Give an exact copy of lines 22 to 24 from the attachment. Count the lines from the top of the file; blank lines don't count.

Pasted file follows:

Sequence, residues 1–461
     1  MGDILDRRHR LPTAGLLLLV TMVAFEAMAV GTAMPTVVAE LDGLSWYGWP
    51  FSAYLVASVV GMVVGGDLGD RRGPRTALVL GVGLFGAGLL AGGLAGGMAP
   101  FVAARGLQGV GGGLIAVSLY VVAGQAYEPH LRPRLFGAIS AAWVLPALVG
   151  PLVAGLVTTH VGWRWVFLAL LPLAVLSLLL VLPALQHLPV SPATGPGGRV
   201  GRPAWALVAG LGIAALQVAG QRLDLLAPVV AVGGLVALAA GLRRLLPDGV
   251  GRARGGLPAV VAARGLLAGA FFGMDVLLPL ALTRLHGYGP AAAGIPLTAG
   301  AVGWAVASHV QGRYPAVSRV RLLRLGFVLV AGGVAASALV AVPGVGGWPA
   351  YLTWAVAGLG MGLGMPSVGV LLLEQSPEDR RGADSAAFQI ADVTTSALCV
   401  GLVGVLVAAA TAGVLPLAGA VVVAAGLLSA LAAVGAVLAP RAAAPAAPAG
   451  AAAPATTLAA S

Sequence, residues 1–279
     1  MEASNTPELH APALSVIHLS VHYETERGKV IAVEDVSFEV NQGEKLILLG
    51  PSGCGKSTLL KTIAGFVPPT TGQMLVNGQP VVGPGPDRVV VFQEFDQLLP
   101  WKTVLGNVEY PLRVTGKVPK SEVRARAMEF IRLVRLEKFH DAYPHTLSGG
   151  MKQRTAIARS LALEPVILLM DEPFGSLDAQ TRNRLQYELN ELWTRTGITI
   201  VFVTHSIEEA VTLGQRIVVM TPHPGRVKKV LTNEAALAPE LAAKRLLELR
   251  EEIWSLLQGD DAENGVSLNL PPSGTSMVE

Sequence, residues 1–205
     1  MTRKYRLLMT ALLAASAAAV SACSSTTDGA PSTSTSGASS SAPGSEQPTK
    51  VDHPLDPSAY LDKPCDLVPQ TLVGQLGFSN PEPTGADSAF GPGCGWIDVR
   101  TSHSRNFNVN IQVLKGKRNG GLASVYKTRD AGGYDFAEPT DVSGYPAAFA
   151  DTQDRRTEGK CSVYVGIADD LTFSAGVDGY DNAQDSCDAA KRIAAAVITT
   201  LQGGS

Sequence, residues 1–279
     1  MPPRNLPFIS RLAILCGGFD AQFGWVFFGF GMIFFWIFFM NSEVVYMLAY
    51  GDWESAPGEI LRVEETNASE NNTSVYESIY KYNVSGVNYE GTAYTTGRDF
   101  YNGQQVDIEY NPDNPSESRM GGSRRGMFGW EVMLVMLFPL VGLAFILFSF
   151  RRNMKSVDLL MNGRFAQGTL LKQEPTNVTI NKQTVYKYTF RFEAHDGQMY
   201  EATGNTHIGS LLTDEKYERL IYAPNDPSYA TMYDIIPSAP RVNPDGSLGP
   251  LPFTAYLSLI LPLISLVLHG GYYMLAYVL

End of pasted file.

   101  TSHSRNFNVN IQVLKGKRNG GLASVYKTRD AGGYDFAEPT DVSGYPAAFA
   151  DTQDRRTEGK CSVYVGIADD LTFSAGVDGY DNAQDSCDAA KRIAAAVITT
   201  LQGGS